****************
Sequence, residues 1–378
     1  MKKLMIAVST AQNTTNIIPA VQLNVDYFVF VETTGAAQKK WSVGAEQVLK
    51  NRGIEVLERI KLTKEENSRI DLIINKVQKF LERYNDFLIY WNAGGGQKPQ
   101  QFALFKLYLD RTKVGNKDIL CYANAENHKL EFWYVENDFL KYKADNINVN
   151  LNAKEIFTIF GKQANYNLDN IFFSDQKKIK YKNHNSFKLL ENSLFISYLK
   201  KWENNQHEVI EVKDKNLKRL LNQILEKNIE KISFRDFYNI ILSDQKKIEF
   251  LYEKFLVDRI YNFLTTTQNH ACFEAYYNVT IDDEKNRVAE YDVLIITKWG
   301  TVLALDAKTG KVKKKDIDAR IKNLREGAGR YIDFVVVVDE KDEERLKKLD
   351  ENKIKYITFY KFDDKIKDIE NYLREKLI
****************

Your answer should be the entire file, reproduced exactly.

Sequence, residues 1–378
     1  MKKLMIAVST AQNTTNIIPA VQLNVDYFVF VETTGAAQKK WSVGAEQVLK
    51  NRGIEVLERI KLTKEENSRI DLIINKVQKF LERYNDFLIY WNAGGGQKPQ
   101  QFALFKLYLD RTKVGNKDIL CYANAENHKL EFWYVENDFL KYKADNINVN
   151  LNAKEIFTIF GKQANYNLDN IFFSDQKKIK YKNHNSFKLL ENSLFISYLK
   201  KWENNQHEVI EVKDKNLKRL LNQILEKNIE KISFRDFYNI ILSDQKKIEF
   251  LYEKFLVDRI YNFLTTTQNH ACFEAYYNVT IDDEKNRVAE YDVLIITKWG
   301  TVLALDAKTG KVKKKDIDAR IKNLREGAGR YIDFVVVVDE KDEERLKKLD
   351  ENKIKYITFY KFDDKIKDIE NYLREKLI